Last year, our two-person household spent $45 per week on phones and Internet. We also spent about $45 per week on municipal taxes and fees. Paying for telecommunications bought us two cell phones, a land line, and a bunch of cat videos. The $45 to the City of Nelson got us:
• Maintained roads
• Safe drinking water
• Clean streets
• Maintained water/sewer system
• Community and cultural events
• Garbage and recycling pick up
• Parks and paths
• Sports facilities
• Firefighters keeping us un-singed
• Police keeping our community safe
• Bylaw officers
• A regional library
• A youth centre
I could go on …
Taxes are pooled money to get stuff — stuff that none of us could afford individually. I don’t fret over paying $45 a week for phones and Internet, and remembering this at tax time makes me feel better about spending a similar amount for a long list of services and benefits that help make this town worth living and doing business in.
I recently chatted with Christina Benty, the former mayor of Golden, a consultant and strong proponent of cities taking seriously their responsibility to maintain infrastructure. Her tagline is, “If you take care of important things, the urgent things don’t show up as often. The opposite is never true.”
I asked her why cities across the country are mired in crumbling infrastructure. The answer was complex. While it’s true the federal government used to contribute more to capital projects than in recent decades, it’s also true that cities have more infrastructure now than they used to. She noted that historically, cities acquired assets and built infrastructure without really taking depletion, depreciation and amortization into account.
“It doesn’t help,” she added, “that we elect people for four-year terms to maintain 100-year-old infrastructure.”The cost of asset maintenance is so high, and so much of the workings of a city are so low-profile, that politicians, wanting to be re-elected, don’t want to pour money unglamorously into the ground. They certainlydon’t want to raise taxes to do it.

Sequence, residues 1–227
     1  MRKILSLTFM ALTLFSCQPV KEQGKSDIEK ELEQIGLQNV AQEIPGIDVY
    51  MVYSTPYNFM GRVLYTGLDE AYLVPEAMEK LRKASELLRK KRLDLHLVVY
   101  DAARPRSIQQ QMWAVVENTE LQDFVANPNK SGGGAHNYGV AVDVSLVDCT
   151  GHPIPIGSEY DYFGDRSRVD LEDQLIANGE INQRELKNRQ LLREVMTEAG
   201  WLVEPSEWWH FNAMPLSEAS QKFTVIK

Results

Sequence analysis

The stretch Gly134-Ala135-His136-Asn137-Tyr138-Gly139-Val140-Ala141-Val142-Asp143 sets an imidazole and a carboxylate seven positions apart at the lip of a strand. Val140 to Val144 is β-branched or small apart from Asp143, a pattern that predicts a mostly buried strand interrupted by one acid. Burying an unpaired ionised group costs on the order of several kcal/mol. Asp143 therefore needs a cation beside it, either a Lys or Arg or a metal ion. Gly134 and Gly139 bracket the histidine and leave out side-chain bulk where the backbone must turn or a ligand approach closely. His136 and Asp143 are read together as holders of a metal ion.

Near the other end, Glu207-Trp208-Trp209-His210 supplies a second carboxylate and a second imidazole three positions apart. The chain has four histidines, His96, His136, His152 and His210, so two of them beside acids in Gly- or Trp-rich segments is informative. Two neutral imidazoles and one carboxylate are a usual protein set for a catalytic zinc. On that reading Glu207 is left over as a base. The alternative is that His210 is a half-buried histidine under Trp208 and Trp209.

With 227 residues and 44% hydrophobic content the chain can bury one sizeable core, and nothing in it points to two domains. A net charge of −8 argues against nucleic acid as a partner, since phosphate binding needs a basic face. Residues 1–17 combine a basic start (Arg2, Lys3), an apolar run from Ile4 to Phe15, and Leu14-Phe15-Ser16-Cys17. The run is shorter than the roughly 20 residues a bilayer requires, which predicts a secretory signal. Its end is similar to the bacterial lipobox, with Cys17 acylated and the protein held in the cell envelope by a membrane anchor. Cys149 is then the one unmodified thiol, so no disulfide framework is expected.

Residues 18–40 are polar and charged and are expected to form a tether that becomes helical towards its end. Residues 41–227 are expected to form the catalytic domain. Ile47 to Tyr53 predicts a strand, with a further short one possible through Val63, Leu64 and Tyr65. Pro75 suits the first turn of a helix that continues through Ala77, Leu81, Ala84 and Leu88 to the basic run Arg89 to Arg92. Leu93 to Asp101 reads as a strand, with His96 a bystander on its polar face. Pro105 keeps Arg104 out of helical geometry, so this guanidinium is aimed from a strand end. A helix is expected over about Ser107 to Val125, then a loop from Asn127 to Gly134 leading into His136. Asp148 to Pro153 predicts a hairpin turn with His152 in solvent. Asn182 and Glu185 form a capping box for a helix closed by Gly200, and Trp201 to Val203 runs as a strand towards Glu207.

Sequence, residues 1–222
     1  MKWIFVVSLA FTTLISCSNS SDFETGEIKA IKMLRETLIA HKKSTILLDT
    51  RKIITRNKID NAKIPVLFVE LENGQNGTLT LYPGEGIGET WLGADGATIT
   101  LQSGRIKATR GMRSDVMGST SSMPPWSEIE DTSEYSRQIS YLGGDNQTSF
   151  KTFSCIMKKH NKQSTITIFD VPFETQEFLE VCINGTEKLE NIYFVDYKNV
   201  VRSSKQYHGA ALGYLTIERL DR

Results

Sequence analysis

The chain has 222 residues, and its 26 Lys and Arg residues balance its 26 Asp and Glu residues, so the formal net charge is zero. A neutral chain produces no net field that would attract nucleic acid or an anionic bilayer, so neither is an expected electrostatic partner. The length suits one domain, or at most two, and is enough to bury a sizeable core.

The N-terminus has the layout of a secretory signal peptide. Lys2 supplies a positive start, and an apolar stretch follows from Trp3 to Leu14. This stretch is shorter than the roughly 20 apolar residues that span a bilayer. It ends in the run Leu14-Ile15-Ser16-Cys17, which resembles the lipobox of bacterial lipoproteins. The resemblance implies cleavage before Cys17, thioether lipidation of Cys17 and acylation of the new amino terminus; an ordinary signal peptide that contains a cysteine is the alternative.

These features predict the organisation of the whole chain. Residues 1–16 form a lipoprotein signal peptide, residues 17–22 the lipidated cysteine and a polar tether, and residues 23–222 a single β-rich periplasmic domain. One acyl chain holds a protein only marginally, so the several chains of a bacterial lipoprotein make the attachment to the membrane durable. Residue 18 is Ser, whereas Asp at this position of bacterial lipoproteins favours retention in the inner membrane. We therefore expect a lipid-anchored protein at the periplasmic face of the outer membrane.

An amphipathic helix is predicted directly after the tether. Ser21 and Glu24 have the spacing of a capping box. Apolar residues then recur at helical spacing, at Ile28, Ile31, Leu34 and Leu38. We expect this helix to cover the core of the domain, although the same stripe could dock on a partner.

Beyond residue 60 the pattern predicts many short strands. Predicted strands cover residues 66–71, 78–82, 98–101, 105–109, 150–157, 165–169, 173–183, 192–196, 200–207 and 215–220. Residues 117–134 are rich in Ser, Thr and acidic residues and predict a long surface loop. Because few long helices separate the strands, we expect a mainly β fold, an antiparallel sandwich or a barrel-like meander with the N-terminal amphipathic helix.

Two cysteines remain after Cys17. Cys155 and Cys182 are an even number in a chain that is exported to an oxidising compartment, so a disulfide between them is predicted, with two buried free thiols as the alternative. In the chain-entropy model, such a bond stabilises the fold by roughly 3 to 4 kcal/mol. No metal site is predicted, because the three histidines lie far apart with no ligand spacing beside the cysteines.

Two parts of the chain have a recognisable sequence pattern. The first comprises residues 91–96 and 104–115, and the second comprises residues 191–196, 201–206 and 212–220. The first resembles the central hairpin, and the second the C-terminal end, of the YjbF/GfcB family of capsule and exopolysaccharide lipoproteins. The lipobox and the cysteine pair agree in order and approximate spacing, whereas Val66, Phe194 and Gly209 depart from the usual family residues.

Our previous mayor and council recognized Nelson’s serious infrastructure deficit and to their credit created a bold plan to rectify matters. (You may remember our water and sewer rates jumped considerably.) Today we’re literally miles ahead of other municipalities in our pipe repair, and as a result of finding and fixing leaks, we now use about 20 per cent less water than we did ten years ago, which is good for the environment, and our pocketbook — that was water we were paying to filter and purify, folks!
Our sidewalks, roads and city-owned buildings are another story, and this deficit is something we’re working to understand. I suspect there won’t be many easy or cheap solutions.
Municipalities currently receive about eight cents for every tax dollar the public pays. The rest goes to the provincial and federal governments. While they receive the lion’s share of tax revenue, the services, grants and programs from these levels of government have been steadily cut, especially in certain departments. This puts more pressure on cities to use municipal tax dollars, which, unlike income tax, were never intended to level the economic, cultural and social playing field, to increasingly operate in areas outside the municipality’s control, like health and social services.
Solutions to tax distribution and downloading of services need to come from other levels of government. We asa local government can advocate, and we as citizens can make our needs and preferences known in our upcoming provincial election.
Yes, it’s budget season at city hall. We’re pouring over sheets crammed with numbers, trying to squeeze value out of each penny. One reason you elected us is to look after our common capital assets. If we fail to even cover inflationary cost increases, we’ll be failing to meet the stewardship obligation that municipal leadership is about.Something to mull over …
If you’d like to know more, why not come to our budget open house on Feb. 18? City staff and council will be there to answer questions and listen to your ideas. Check nelson.ca for time and place.
Nelson city councillor Anna Purcell shares this space weekly with her council colleagues.